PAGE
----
That might not sound like an enticement for most people, but something clicked in my mind. It's the Year of a Million Dreams giveaway, and I've heard that when the Dream Team is doing a giveaway in a less-traveled attraction, the greeters will sometimes wave people in. They won't say why, but if you're savvy you will heed their siren call. I told hubby, "I think we should see One Man's Dream now."

He looked at me as though I was nuts, but he knows there is usually a method to my madness so he tailed me inside. Sure enough, there was the Dream Team! They had on their white "we're giving away stuff" vests and were shouldering black gift bags. It turned out that they were giving away the best gift for a crowded day: Dream Fastpasses. Sometimes they give away lanyards or hats, but the Fastpasses are perfect when line times are rapidly rising and the park is a wall of sweaty humanity. With a Dream Fastpass, you get one ride via the Fastpass line on all the FP attractions. In the Studio, that includes some good stuff like Tower of Terror, Rockin' Rollercoaster, and the ever-popular Toy Story Mania, as well as assorted other stuff like Voyage of the Little Mermaid, Star Tours, and the Indiana Jones and Motorcars stunt shows.

We proudly donned our Fastpasses; our day's schedule had suddenly been rewritten. It was funny to watch other guests come in after us and look confused as the Dream Team asked them to step aside so they could get their awards. Amazingly, I think that a lot of people come to WDW totally away of the Year of a Million Dreams giveaway. I guess it shouldn't surprise me since Fastpasses have been around for years, yet I see people constantly who have no idea what those are either.

We ended up getting three rides on Toy Story Mania: singles line (in the brief period it was open...and our luck continued, as hubby and I somehow both ended up in the same car, which is virtually impossible as a single rider), regular Fastpass, and Dream Fastpass. Before lunch, hubby got Tower Fastpasses, so we got in two more rides there. We saw Little Mermaid and did Star Tours too. When I'm there in the off season, Star Tours usually has no line; with the July crowd, it was actually up to half an hour. We did Rockin' Rollercoaster too; the standby there was something like 75 minutes.

Our lunch at Sci Fi was very pleasant. Their food is nothing to write home about, but you eat in a "drive in theater" at tables shaped like cars. They show all sorts of funny trailers for bad 50s sci fi movies. My favorite was "Plan 9 From Outer Space," since I love Ed Wood. I had a burger and hubby had pastrami.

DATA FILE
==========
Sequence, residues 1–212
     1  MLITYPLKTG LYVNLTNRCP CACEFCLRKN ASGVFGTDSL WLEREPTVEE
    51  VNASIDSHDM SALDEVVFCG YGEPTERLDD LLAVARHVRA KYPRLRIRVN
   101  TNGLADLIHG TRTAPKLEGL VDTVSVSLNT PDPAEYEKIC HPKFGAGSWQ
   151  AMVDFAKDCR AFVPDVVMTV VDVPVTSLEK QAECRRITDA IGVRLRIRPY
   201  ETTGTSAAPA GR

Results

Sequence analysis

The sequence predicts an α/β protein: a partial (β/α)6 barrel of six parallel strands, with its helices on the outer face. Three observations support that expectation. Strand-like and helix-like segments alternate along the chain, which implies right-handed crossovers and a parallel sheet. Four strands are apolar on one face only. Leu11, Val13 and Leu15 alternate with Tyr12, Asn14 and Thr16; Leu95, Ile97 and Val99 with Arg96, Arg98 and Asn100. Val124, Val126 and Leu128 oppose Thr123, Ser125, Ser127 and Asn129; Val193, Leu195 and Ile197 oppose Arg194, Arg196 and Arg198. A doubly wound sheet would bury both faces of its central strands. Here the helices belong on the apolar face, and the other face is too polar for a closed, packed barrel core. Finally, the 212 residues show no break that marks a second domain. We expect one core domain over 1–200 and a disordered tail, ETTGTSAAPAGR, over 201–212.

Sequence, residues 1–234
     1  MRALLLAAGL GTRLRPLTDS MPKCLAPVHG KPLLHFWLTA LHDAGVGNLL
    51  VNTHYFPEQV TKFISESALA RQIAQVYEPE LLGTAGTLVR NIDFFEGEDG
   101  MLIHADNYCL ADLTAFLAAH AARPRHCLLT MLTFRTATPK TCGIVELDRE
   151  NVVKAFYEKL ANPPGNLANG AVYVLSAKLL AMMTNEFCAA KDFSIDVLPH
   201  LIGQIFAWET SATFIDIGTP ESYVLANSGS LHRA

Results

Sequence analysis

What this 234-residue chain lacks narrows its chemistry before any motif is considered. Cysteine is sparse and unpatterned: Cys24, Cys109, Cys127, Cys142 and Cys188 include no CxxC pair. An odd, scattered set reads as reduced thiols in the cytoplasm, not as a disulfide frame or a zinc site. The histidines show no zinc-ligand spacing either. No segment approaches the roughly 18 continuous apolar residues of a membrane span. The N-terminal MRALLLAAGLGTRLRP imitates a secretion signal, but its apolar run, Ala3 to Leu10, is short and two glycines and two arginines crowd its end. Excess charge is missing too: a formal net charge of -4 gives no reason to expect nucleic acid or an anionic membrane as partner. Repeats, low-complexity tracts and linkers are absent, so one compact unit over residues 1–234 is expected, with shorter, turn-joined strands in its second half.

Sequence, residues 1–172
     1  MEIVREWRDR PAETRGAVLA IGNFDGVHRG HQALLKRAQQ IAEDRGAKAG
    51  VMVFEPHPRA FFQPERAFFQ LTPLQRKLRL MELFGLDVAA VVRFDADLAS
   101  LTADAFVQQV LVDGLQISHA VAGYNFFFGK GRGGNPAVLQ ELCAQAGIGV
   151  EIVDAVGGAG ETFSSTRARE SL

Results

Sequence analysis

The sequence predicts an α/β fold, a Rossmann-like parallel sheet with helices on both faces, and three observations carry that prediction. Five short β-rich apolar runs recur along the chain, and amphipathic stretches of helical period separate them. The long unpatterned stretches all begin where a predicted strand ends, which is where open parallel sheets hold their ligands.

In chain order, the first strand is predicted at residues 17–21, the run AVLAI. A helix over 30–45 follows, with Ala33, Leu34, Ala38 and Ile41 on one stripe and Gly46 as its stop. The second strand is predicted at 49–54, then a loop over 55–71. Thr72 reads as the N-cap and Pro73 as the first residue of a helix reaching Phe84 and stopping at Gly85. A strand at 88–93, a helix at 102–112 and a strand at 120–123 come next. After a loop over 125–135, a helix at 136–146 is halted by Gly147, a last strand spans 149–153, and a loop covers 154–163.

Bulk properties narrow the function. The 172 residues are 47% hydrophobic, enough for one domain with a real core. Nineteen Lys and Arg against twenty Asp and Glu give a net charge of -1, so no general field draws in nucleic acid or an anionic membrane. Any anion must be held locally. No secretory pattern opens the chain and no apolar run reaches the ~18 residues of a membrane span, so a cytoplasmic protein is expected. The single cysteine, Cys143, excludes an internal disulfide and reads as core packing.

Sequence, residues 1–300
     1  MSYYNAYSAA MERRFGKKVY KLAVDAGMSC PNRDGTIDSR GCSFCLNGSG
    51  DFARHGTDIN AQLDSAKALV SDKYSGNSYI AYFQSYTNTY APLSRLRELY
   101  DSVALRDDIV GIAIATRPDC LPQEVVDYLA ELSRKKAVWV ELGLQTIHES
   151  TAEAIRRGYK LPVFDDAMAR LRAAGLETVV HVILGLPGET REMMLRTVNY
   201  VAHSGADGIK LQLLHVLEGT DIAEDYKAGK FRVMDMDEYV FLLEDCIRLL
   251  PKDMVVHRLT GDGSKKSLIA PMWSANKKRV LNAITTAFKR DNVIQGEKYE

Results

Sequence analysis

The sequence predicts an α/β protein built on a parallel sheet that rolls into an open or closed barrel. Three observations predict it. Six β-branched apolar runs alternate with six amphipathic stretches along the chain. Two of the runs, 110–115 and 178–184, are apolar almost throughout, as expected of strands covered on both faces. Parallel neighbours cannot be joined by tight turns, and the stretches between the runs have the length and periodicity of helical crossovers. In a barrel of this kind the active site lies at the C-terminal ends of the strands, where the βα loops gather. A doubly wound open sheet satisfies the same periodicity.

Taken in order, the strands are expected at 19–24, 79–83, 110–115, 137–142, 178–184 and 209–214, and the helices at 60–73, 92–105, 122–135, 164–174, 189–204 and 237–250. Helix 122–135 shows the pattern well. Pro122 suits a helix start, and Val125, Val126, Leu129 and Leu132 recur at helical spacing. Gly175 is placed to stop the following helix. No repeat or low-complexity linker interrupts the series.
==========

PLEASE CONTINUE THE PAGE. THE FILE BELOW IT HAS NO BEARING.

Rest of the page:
If we'd gone with our initial plan, we would probably have been out of the park shortly after noon. With our new freedom to ride everything, we ended up sticking around till nearly 3 p.m. Problem was, we could see dark clouds forming in the sky and hear the distant rumble of thunder. A Florida afternoon thunderstorm was brewing, and it looked like it would be a close call on whether or not we could make it to the parking lot before the heavens let loose.

Fortunately luck was still with us. We made it to Kitt and were out on World Drive headed back to Celebration before raindrops started spitting on the windshield. What had started out as a two-to-three-ride morning whirlwind had been drawn out into nearly six hours of park time and three rides on Toy Story, three on Tower, one on Rockin' Roller Coaster, one on Star Tours, and the Little Mermaid show. Not bad for mid-July, especially with countless tour groups lurking around.

It made me think of one Dream Team member's comment to another guest. A few more people had walked in behind us, and I heard him tell them, "Guess what you won today? You won the gift of time." A perfect description of Dream Fastpasses for sure.

Friday, July 18, 2008

Celebration or Seattle?

By the amount of rain we've been getting lately, I've been wondering whether I'm in Celebration or Seattle. I can barely remember the last rain-free day we've had. Every afternoon and evening (if not earlier), we're enveloped in the midst of the thunderstorm. I'm beginning to forget what a blue sky looks like since I'm so used to puffy gray clouds.

Really, it's not all that unusual for this time of the year, and it's much better than a dry spell and increased fire danger. I can handle the thunderstorms as long as we don't have any hurricane threats. So far, all has been quiet out in the Atlantic.

The rain is much preferable to the snow that I had to deal with in Chicago. I'd rather tote an umbrella than a shovel and drive on wet pavement instead of ice, and you don't have to scrape raindrops off the windshield. Also, our rainy season whizzes by much past than the typical Midwest winter. Summer always seems to fly, and with it go the daily thunderstorms. In contrast, a Chicago winter drags on for months and month. Then, just when you think you're safe, you get a March blizzard. I'll take the storms and the lightning light shows any day!